Today, the art world and beyond is obsessed with shooting analog. Whether it’s a fashion house seeking to bring a new edge to their creative work, an amateur perusing eBay for the perfect vintage Polaroid, or an influencer attempting to capture a comforting retro aesthetic on social media, analog photography has piqued the interest of people everywhere. Is this resurgence a backlash against digital photography? Is it just a trend perpetuated by our desire for authenticity in an increasingly superficial world? Or is it something else entirely?
Grain: Analog Renaissance is a documentary by Alex Contell and Tommaso Sacconi that explores the stories of those committed to using film in modern day photography.
Martha Cooper is an unexpected icon of the street art movement – a tiny, grey-haired figure running alongside crews of masked graffiti artists.
In the 1970’s, as the boroughs of New York City burned, she worked as a photographer for the New York Post, seeking images of creativity and play where others saw crime and poverty. As a result, she captured some of the first images of New York graffiti, at a time when the city had declared war on this new culture. Martha and her co-author Henry Chalfant compiled these images into the book Subway Art. However, the commercial failure of the book forced Martha to leave graffiti behind, moving on to document many other hidden cultures of New York.
20 years later Martha discovers she has become a legend of the graffiti world – a culture that has now exploded into a global movement. Subway Art became one of the most sold – and stolen – art books of all time, photocopied and shared by graffiti artists for decades.
At 75 years of age, Martha finds herself navigating a culture vastly changed.The small community born from struggle and adversity, has grown into a commercial industry fuelled by the rise of social media. Now every new piece of street art is immediately uploaded, and crowds line up for selfies in front of popular works. Martha struggles to find her place in this new world, driven by a passion for capturing the creativity that helps people rise above their environment.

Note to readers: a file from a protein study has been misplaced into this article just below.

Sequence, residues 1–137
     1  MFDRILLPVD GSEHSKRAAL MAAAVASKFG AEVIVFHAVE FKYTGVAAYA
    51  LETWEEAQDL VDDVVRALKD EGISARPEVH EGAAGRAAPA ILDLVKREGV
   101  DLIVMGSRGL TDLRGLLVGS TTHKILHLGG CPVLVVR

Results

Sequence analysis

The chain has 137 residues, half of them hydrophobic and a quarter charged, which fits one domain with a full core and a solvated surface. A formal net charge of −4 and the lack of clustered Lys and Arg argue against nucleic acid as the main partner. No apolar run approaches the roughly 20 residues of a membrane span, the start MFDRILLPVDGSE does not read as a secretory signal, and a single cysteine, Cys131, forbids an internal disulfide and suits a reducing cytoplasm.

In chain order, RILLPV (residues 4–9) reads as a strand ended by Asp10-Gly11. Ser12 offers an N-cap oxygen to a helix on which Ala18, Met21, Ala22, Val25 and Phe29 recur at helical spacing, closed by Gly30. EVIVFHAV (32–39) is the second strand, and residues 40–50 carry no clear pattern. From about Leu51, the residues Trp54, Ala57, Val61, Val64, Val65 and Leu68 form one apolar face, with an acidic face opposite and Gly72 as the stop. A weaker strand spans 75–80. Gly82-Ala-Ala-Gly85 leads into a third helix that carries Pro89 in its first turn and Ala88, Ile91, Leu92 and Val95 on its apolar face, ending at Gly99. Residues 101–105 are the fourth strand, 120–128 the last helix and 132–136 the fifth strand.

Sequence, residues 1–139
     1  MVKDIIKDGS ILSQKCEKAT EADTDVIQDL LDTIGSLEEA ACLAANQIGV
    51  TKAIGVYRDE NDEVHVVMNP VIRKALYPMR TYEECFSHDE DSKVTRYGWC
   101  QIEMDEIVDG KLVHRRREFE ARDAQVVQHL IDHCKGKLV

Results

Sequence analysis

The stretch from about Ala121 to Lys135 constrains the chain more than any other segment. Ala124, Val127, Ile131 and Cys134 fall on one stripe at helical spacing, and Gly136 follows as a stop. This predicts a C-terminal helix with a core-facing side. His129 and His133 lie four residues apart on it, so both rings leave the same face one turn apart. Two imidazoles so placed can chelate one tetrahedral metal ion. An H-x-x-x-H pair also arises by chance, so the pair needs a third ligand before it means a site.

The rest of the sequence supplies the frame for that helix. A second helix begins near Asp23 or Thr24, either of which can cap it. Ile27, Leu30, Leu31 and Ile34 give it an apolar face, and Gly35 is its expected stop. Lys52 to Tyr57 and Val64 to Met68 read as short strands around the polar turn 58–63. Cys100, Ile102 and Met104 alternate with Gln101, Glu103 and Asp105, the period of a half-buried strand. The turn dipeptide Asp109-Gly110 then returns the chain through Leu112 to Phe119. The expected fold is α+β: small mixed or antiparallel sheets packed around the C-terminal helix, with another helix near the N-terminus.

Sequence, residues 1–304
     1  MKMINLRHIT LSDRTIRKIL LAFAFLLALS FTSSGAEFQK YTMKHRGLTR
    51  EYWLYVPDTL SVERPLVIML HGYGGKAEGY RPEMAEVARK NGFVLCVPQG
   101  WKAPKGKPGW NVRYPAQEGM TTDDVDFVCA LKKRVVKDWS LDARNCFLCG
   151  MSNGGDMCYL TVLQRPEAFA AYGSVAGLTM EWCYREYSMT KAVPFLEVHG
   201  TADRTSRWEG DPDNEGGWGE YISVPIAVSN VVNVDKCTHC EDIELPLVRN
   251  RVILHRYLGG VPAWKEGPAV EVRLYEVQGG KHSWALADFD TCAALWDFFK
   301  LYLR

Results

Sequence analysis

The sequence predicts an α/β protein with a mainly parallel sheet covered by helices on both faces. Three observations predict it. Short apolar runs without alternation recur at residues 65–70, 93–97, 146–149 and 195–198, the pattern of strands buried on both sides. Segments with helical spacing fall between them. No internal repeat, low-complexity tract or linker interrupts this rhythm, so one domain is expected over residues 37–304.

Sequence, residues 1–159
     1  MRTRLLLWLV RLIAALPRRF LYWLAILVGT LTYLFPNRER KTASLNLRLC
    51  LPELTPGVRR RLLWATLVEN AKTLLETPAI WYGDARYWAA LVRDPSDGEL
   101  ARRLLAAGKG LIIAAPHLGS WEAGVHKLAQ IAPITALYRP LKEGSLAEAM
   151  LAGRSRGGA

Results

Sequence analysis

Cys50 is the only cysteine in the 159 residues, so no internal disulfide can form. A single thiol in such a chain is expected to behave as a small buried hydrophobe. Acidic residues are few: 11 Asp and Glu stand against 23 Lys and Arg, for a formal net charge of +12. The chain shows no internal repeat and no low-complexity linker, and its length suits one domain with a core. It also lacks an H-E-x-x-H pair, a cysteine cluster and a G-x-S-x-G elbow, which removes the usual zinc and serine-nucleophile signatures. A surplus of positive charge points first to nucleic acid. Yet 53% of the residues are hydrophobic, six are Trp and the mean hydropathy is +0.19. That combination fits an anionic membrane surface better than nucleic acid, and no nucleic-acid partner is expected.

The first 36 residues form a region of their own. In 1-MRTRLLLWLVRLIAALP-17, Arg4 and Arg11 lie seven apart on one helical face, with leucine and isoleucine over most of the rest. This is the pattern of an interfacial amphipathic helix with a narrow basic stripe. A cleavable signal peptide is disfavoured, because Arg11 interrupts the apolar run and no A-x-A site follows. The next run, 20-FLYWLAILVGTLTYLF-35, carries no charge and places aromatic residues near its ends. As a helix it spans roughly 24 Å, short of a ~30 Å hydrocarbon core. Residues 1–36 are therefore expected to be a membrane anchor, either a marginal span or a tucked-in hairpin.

Finding Fidel tells the remarkable story of war cameraman Erik Durschmied, who in 1958 journeyed to Cuba’s Sierra Maestra mountains to interview a little-known rebel leader named Fidel Castro. A month later, Castro’s band of fighters rolled into Havana, and the world would never be the same.
Intercutting Durschmeid’s reflections on the lost promise of Castro’s Revolution with his rarely seen interview with the young Fidel, award winning filmmaker Bay Weyman explores the hinge of fate, the vagaries of history, and the power of media in both men’s lives.
Durschmied spent weeks in Castro’s guerrilla headquarters, filming fascinating scenes of camp life with the rebels, and conducting the only known English-language interview with Fidel from the period just before he came to power. The interview is a unique time capsule, vividly depicting Castro’s early views, his struggle against the dictator Batista, and his goals for the Revolution.
“There is no Communism or Marxism in our idea,” Fidel insists. “Our political philosophy is representative democracy and social justice in a well-planned economy.”
Finding Fidel follows Durschmied as he returns to Cuba on the 50th Anniversary of the Revolution, retracing his original route to the mountains. Durschmied tells the true story behind his interviews with Fidel, and of the future dictator’s consummate use of the media to control his message and create his image. The daring young cameraman brought Castro’s message to the world just as Havana fell, and as a result his career took off.
Though he has witnessed many of the major events of our times, for Durschmied the interview on a mountaintop in Cuba remains the most meaningful. As he returns to Castro’s camp in the Sierra Maestra, he finds an unexpected touchstone that marks the beginning and end of the journey.